Cutaneous T cell lymphoma ( CTCL ) is a class of non-Hodgkin lymphoma , which is a type of cancer of the immune system . Unlike most non-Hodgkin lymphomas (which are generally B cell related), CTCL is caused by a mutation of T cells . The cancerous T cells in the body initially migrate to the skin , causing various lesions to appear. These lesions change shape as the disease progresses, typically beginning as what appears to be a rash which can be very itchy and eventually forming plaques and tumors before spreading to other parts of the body.
In this individually matched case-control study, de Jong and colleagues searched a population-based nationwide pathology database in the Netherlands for all patients with lymphoma in the breast diagnosed between 1990 and 2006. Cases were defined as women with a histologically confirmed diagnosis of primary ALCL in the breast. Controls, identified from the same database and selected for each case, consisted of 3 to 7 women who had histologically confirmed diagnoses of primary lymphoma in the breast other than ALCL. Cases were matched for age at diagnosis (+/- 5 years) and year of diagnosis (+/- 2 years). Pathology reports were reviewed for all controls, and questionnaires were sent to the treating physicians of all cases and controls to collect information on medical history (including previous malignancies, staging results, presence of breast prostheses and mammography results).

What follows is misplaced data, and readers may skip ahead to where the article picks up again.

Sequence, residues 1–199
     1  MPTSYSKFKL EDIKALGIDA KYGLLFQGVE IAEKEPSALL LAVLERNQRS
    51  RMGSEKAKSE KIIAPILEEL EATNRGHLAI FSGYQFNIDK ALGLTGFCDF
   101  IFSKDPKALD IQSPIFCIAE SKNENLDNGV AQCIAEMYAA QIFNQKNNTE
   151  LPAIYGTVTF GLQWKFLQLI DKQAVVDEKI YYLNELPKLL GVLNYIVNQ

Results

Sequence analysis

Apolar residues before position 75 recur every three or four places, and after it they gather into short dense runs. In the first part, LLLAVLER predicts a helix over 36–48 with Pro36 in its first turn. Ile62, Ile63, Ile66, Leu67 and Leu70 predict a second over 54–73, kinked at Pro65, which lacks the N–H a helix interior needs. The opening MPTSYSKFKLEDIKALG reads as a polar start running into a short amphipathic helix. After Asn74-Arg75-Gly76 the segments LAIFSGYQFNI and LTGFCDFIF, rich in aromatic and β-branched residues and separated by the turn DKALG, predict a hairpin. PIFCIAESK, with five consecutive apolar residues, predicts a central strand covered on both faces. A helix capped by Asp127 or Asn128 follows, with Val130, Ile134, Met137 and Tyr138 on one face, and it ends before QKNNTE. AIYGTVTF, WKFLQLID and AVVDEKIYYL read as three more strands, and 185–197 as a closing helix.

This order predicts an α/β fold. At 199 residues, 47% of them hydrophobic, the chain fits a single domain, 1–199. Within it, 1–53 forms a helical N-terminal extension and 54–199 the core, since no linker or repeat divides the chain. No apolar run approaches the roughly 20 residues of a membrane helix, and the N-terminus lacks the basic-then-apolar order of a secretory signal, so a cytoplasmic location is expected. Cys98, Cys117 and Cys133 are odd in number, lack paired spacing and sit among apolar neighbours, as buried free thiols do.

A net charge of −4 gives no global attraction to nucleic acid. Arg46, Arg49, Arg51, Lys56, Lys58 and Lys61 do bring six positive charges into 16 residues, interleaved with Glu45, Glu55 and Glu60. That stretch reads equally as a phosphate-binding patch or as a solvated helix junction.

Adult T-cell leukaemia/lymphoma (ATLL), is a serious blood disease in which there are large numbers of circulating atypical cells. It is caused by a retrovirus infection with human T-lymphotropic virus (HTLV I). The condition can be divided into acute and chronic types. Acute ATLL is characterised by skin lesions similar to those found in mycosis fungoides or Sézary syndrome , enlarged lymph glands, high levels of calcium in the blood and bone lesions. Prognosis is poor for this type with survival ranging from 2 weeks to more than 1 year. Chronic ATLL present with skin lesions only and have a longer clinical course and survival, however this may transform into an acute phase with an aggressive course.